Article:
Neal Stephenson’s bestselling novels about science and technology have provoked readers for a generation. From Snow Crash to Seveneves, his fictional worlds pose fascinating thought experiments, such as: What would happen next… if California seceded from the United States? If nanotech and virtual reality became as “normal” as the Internet? If humanity suddenly had two years to save itself from Earth-melting asteroids?
We asked the creatively prolific Stephenson for his writing advice. Read it below.
“I have a pretty simple piece of advice to writers of science fiction or any other kind of literature, which is to just keep writing.”
“Sometimes people are led to believe that writing is a kind of fine art, where some mysterious inspiration strikes and magic happens. I think it’s more like cabinet making or soccer playing, where if you do it a whole lot you get good at it, and if you stop doing it you either stop getting good at it or you actually lose ability.”
“A classic mistake that I see people making is that they’ll put a lot of effort into writing their first book — and then they’ll stop and spend two years trying to sell their book, or trying to improve their book by tiny little increments, or both. And the whole time that they’re doing that, they’re wasting time that they could be spending writing their second book. What they should do is write their second book, and when they finish their second book, write their third book. One does actually get better, and I think the improvement is noticeable. Eventually, it pays off.”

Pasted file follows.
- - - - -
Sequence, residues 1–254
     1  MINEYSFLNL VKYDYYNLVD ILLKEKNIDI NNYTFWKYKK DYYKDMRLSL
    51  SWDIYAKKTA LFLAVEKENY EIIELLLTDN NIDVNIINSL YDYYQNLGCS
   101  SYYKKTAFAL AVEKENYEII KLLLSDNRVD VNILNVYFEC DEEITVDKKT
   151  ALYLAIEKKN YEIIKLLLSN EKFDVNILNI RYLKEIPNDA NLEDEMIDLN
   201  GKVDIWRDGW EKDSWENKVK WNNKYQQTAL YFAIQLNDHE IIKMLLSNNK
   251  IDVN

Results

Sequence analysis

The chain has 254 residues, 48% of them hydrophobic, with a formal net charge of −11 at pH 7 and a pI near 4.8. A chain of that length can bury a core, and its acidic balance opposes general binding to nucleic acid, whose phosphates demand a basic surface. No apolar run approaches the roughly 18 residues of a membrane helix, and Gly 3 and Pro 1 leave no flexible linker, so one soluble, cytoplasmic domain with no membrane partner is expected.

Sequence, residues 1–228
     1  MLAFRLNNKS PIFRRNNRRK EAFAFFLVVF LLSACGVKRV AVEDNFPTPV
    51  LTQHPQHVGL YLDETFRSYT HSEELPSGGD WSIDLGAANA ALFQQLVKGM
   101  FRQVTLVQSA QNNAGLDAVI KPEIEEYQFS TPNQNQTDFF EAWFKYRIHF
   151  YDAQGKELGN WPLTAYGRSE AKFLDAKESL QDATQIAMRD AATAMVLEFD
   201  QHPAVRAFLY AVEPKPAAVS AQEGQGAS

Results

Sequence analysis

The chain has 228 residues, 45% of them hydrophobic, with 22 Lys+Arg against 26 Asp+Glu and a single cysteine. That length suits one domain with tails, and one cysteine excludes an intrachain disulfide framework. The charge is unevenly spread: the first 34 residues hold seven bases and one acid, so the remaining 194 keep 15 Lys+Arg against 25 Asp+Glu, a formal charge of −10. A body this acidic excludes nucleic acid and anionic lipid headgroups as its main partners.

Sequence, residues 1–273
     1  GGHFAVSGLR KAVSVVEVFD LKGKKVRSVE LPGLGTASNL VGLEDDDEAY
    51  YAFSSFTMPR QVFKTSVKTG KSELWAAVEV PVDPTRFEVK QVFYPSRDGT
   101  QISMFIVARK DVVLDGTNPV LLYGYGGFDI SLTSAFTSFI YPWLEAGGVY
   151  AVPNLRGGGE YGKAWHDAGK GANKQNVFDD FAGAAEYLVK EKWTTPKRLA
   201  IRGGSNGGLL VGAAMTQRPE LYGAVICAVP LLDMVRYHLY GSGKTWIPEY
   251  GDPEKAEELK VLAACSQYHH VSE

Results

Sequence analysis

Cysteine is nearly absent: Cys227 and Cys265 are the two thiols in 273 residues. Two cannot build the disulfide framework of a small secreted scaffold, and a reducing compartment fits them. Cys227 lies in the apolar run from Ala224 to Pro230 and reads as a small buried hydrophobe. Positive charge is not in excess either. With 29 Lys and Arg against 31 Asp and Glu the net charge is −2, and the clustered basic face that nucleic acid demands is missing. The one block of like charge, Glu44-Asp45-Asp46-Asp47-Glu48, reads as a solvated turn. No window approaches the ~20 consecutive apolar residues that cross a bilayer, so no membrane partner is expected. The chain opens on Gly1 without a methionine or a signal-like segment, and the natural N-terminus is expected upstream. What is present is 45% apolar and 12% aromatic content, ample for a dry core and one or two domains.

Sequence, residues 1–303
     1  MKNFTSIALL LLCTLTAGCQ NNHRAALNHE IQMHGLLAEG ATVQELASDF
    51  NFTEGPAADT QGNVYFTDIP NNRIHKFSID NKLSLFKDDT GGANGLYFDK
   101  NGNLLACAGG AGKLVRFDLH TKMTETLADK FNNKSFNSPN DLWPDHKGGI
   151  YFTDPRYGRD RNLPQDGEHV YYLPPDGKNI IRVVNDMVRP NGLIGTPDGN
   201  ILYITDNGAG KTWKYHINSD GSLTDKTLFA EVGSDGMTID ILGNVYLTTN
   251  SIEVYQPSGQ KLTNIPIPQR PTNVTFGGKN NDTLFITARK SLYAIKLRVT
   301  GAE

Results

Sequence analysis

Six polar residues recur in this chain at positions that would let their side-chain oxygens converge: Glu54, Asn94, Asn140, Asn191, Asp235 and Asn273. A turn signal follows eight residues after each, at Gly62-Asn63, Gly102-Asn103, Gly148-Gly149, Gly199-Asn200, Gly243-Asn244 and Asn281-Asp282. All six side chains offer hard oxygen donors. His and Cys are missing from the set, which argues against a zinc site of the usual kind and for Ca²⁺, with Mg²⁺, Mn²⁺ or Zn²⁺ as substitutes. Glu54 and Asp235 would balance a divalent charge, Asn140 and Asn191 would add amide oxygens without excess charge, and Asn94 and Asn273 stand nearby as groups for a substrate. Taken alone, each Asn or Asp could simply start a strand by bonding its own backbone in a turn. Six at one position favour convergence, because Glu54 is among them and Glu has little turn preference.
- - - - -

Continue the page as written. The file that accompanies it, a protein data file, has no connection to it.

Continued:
“Don’t fall prey to the belief that it’s magic. It’s just a craft.”
Interested in improving your own fiction writing? Watch the TED-Ed Animated Lesson: How to build a fictional world.